Sacramento Fish & Wildlife OfficeServing the people, conserving the fish, wildlife, and plants of California
Service to Re-open Public Comment Period for the Western Yellow-Billed Cuckoo Critical Habitat Proposal
October 14, 2014
Sarah Swenty, (503)665-3310, email@example.com (California and Nevada)
Robert Moler, (916)414-6606, firstname.lastname@example.org (California, Nevada, Arizona, New Mexico, Oklahoma, and Texas)
Brent Lawrence, (503)807-4886, email@example.com (Washington, Idaho, and Oregon)
Steve Segin, (303)236-4578, firstname.lastname@example.org (Montana, Wyoming, Utah, and Colorado)
Sacramento – The U.S. Fish and Wildlife Service announced today it will re-open the public comment period on its proposal to designate 546,335 acres of critical habitat for the western population of yellow-billed cuckoo in 80 separate units in Arizona, California, Colorado, Idaho, Nevada, New Mexico, Texas, Utah and Wyoming.
On Aug. 14, 2014, the Service announced a 60-day comment period on the proposal, which closes Oct. 14, 2014. Service decided to re-open the comment period for an additional 60 days after receiving requests from members of Congress in the affected states to allow additional time for public review and comment. The Service is now drafting a new notice for publication in the Federal Register with additional information about the proposal and comment period extension. The notice is expected to publish in the coming days. In addition to publication in the Federal Register, the Service will issue a news release announcing the re-opening of the comment period.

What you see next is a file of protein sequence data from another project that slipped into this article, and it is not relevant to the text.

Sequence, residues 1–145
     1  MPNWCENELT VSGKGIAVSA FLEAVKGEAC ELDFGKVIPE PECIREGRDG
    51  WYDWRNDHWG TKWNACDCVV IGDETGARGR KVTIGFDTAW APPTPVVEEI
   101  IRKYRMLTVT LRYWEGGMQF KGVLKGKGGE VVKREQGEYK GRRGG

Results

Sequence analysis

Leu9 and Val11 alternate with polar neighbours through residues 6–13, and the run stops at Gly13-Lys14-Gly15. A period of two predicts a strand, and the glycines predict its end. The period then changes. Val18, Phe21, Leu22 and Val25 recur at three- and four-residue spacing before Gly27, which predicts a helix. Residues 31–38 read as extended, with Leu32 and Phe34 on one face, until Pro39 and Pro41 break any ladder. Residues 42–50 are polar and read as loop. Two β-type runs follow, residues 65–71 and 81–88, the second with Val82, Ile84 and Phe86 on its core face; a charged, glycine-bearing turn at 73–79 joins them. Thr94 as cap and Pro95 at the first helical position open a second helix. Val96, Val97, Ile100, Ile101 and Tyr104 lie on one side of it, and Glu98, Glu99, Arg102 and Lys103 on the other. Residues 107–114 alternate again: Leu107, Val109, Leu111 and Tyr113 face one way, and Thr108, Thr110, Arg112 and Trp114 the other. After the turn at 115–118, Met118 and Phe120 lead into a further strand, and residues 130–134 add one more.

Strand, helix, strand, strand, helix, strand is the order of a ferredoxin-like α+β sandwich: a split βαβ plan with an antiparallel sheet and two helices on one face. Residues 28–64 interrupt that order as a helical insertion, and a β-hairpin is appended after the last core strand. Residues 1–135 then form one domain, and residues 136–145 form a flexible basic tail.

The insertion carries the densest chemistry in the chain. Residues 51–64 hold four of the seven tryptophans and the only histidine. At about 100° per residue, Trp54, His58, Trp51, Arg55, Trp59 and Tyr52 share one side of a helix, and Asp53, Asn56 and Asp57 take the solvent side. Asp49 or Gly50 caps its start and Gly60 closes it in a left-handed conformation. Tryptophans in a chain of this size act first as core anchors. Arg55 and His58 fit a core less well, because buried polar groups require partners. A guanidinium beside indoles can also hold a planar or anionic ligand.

Members of the public who have already submitted comments during the first 60-day comment period (Aug. 14 – Oct. 14, 2014) do not need to resubmit their comments. Comments and information provided online or by mail to the Service during the first 60-day comment period are still valid.
On Oct. 3, 2014, the Service published a final rule to list the western population of yellow-billed cuckoo as a threatened species under the Endangered Species Act.
The mission of the U.S. Fish and Wildlife Service is working with others to conserve, protect, and enhance fish, wildlife, plants, and their habitats for the continuing benefit of the American people. We are both a leader and trusted partner in fish and wildlife conservation, known for our scientific excellence, stewardship of lands and natural resources, dedicated professionals, and commitment to public service. For more information on our work and the people who make it happen, visit http://www.fws.gov/cno. Connect with our Facebook page, follow our tweets, watch our YouTube Channel, and download photos from our Flickr page.
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Last updated: December 1, 2017